Giancarlo Fisichella will live every Italians’ dream later this week when he turns up to race a Ferrari at Monza. The 36 year old has been drafted into the team to replace Felipe Massa and will now get the fairytale finish to his Grand Prix career.

Fisichella was a wise choice for Ferrari. Not only has the team created a feel-good story for their loyal home fans, but Giancarlo is pretty handy behind the wheel. He is quick, experienced, and familiar with 2009 spec F1 machinery. He has also worked with Felipe Massa’s engineer before so should slot in very well at Maranello.

Ferrari had to put someone in their second car that could deliver results comparative to Raikkonen. The team have now claimed a win in an effort to restore some pride to their season, and are aiming to round it off by finishing third in the constructors championship ahead of arch rivals McLaren.

They had little chance of achieving that goal with Luca Badoer.

It’s hard not to feel sorry for Luca Badoer. With more testing and better preparation he could have done a decent job at Valencia and Spa, but his Ferrari dream was nothing but a horrid nightmare.

Badoer broke the pitlane speed limit four times during practice for the European Grand Prix, and apparently there was also a fifth infringement that went unpunished by the stewards. He then qualified last, becoming the only driver in Ferrari’s 60 year history to do so on speed alone (as opposed to a mistake or penalty). During the race he spun on the first lap and again on lap 34, he crossed the white line exiting the pitlane, earned a stop go penalty, and eventually finished dead last. At the end of the race he proceeded to crash into Adrian Sutil’s Force India in Parc Ferme.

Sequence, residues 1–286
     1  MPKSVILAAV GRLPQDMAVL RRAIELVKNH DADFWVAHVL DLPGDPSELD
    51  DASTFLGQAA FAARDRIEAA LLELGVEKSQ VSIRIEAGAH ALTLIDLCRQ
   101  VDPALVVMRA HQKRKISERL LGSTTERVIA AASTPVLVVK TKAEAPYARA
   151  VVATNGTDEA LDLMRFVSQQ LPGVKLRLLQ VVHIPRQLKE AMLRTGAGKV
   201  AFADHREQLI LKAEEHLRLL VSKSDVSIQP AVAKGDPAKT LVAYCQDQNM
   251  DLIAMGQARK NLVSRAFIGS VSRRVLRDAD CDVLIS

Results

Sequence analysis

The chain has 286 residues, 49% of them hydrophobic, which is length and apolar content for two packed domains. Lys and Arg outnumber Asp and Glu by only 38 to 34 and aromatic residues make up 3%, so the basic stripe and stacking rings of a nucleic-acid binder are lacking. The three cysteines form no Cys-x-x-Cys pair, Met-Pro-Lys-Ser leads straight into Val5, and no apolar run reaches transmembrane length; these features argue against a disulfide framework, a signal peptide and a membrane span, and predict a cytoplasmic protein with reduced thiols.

The Belgian Grand Prix was no better. In addition to having issues with his paddock pass and an uncooperative microphone during a press conference, Luca made regular mistakes in practice, crashed heavily during qualifying, and ended up back of the grid once again. On Sunday afternoon he finished in last place 48 seconds behind the car in front, Nakajima, who was just 54 seconds behind the winner.

It was a disappointing showing by anyone’s standards, especially when you consider that Badoer was actually more competitive during his days with Minardi.

The Ferrari test driver is not entirely to blame for his poor run of results. The testing ban has made it hard for unfamiliar drivers to adapt to the cars, especially in 2009 with KERS and adjustable wings to deal with. It can takes weeks of practice just to learn what all of the buttons on the steering wheel actually do, so Badoer was always up against it.

Although his appointment was justified after 12 years of loyal service to the team, there was no question of Ferrari replacing him with someone else for Monza.